The group was surprised to find so many heritage collection projects (lower half of the map) and so few RIM-projects (upper-right quadrant). One participant offered the explanation that this might be due to “the way libraries are organized” in Spain, where much more attention is given to the digitization of heritage collections. Others agreed and were of the opinion that the Spanish Government funding policy is privileging the digitization of paper above the production of next generation metadata. This has determined the landscape of library projects in the country. In terms of metadata, quite a few cultural heritage projects are building ontologies (also added to the map), but – as one of the participants put it – these are often complex. There are many untapped opportunities to use existing resources and tools such as Wikidata and/or Wikibase – which could also help improve multilingual access to collections online. However, the group also noted that the technology to move from linked data projects to production at scale was not yet mature.
Creating opportunity for more concerted effort
One of the participants remarked:
“There are lots of projects to keep track of. How many of them are institutional? We have little guidance for where we are going. There are few collaborative projects, and hardly any multilingual efforts.”
This was the signal for the participants to focus on the desirability to move their next generation metadata efforts forward in a more concerted way. The research portals were seen as an important application area where collaboration was needed. In this context, the group mentioned Dialnet, a large Spanish-Latin American library cooperative aggregating the metadata of the scholarly collections of its members, including full-texts and doctoral theses. It allows the retrieval and enrichment of bibliographic (publications) and bibliometric (citations, coauthors) data. The service is of particular importance to Spain because of the many Spanish and Social Sciences and Humanities publications and authors it contains, compared to SCOPUS, for example. Some of the participants suggested this service could serve as an important linking pin for library data and RIM-data in Spain.
Another important initiative is the development of cataloging rules by the RDA working group of the REBIUN (the Network of Spanish University Libraries) for producing authority files. The rules allow and recommend the addition of many relevant PIDs to the authority files (ORCID, ISNI, VIAF, BNE-ids, Dialnet-ids, Web of Science ResearcherID, SCOPUS-ids, Wikidata, etc.) and indicate the best way to do this. The plan is to build a union catalog of all the authority files covering all scientific authors at Spanish universities and publish it as an open dataset. Someone observed that the thinking behind this initiative was inspired by Karen Smith-Yoshimura’s report on The transition to the next generation metadata, which was nice to hear.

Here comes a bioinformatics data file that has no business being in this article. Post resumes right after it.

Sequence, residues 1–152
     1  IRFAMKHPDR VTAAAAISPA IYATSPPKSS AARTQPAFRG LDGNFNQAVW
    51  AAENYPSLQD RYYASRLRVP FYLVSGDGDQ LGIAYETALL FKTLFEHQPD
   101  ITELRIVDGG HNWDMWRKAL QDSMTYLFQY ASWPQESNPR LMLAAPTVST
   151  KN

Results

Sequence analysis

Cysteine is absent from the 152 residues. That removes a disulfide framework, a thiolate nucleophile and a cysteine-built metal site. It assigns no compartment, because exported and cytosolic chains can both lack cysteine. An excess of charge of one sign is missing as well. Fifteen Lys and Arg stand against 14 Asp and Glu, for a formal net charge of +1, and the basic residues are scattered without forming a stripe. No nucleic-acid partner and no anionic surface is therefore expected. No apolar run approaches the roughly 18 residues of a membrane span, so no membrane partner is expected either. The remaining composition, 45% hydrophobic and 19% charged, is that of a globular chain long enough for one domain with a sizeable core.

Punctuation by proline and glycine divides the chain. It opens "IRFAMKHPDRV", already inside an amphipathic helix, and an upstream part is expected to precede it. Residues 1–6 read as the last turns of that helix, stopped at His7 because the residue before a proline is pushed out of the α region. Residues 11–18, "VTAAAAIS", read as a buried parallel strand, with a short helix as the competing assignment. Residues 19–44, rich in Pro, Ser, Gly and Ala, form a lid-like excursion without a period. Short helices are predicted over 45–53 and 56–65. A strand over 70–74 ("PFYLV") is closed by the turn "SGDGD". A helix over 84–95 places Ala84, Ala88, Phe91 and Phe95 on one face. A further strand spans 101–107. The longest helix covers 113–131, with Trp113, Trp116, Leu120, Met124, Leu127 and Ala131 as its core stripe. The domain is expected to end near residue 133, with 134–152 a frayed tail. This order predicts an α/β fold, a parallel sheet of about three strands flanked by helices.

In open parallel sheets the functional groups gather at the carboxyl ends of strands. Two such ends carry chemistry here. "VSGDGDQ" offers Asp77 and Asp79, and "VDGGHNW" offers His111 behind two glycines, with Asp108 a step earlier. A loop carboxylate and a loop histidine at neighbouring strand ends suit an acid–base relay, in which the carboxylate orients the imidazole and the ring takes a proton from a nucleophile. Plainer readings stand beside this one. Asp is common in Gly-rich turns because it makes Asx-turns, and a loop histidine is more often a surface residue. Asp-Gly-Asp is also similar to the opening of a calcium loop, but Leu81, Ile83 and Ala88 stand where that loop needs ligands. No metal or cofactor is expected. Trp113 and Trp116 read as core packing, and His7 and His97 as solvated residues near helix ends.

To sum up, the group definitively saw possibilities to interconnect their local initiatives and to create more synergies. They hoped to learn more about OCLC’s Shared Entity Management Infrastructure and expressed the wish to see OCLC help them organize more discussions like this one, to continue the analysis of the next generation metadata projects landscape and the conversation on collaboration in Spain.
About the OCLC Research Discussion Series on Next Generation Metadata
- “Transitioning to the Next Generation of Metadata”
- “Transforming Metadata into Linked Data to Improve Digital Collection Discoverability: A CONTENTdm Pilot Project”.
The round table discussions were held in different European languages and participants were able share their own experiences, get a better understanding of the topic area, and gain confidence in planning ahead.
The Opening Plenary Session opened the forum for discussion and exploration and introduced the theme and its topics. Summaries of all eight round table discussions are published on the OCLC Research blog, Hanging Together. This post is the fourth one, preceded by the posts reporting on the first English session, the Italian session, the second English session, the French session and the German session.
The Closing Plenary Session on April 13 will synthesize the different round table discussions. Registration is still open for this webinar: please join us!
Titia van der Werf is a Senior Program Officer in OCLC Research based in OCLC’s Leiden office. Titia coordinates and extends OCLC Research work throughout Europe and has special responsibilities for interactions with OCLC Research Library Partners in Europe. She represents OCLC in European and international library and cultural heritage venues.